Letter carrier recovering after hit-and-run

By on December 29, 2014
Mark E. Jobes

Mark E. Jobes

An Ephrata letter carrier is home and recovering after being the victim of a hit-and-run Dec. 26.

Mark E. Jobes, 64, was struck at 2:45 p.m. at the intersection of North Church and West Locust streets. He suffered a broken ankle and broken wrist and was taken to Ephrata Community Hospital for treatment.

Benjamin Boyer, 22, of the 100 block of North Church Avenue, Ephrata, is facing a felony charge of hit and run of a pedestrian and a summary charge of leaving the scene of an accident.

Jobes, who has been a letter carrier for 27 years, said he was about two-thirds of the way through his route when the accident occurred.

He said he was delivering mail on Church Street and was almost through the intersection.

“I was almost at the curb when I was hit,” he said. “I was just a step or two away.”

Jobes said he didn’t see the car but he could hear it coming and that the driver was about a half a block away.

“But I didn’t feel that I was in danger,” he said, “and I just kept walking. Then suddenly, I didn’t know what happened.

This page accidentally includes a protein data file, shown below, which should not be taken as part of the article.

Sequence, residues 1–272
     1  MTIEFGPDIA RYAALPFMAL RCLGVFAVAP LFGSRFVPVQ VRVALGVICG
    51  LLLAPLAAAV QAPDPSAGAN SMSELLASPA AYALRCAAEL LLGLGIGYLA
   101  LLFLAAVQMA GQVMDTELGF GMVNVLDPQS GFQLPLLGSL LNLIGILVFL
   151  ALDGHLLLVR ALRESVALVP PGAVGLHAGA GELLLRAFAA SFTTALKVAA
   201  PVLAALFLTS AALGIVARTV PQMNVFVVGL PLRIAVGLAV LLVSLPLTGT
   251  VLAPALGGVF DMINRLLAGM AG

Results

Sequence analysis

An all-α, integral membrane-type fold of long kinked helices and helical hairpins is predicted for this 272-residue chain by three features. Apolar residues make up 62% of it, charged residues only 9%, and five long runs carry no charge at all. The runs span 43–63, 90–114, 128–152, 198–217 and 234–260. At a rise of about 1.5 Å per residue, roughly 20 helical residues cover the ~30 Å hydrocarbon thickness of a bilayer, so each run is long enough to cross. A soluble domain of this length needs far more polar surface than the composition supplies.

Police arrived to find the U.S. postal worker had been struck by a small black vehicle.

Jobes said he is feeling good despite his injuries and feels lucky to be alive.

“It could have been a lot worse,” he said.

Jobes, a 1968 Ephrata High School graduate, worked at RCA as an electric technician, before he became a letter carrier.

“I got a late start,” he said.

As for what the future holds, he is not sure. He said he would like to return to work but that might not be possible.

“We will have to wait and see how I recover. I do a lot of walking,” he said. “This certainly is not how I planned for it (my career) to end.

Jobes has one of four routes in Ephrata that is all walking. He said he walks a minimum of six hours every day.

“On heavy mail days, it can be seven hours,” he said. “Especially around the holiday season.”

His day also involves two hours of office work which includes setting up that day’s mail and getting it ready for delivery. He said no mail truck is involved with his delivery.

Jobes said he would like to thank everyone who helped that fateful day, especially Bev Reihl.

“She stayed with me until help showed up,” he said.

Jobes would also like to thank all the first responders, EMTs and police.

“Its just wonderful everyone that comes to your aid,” he said.

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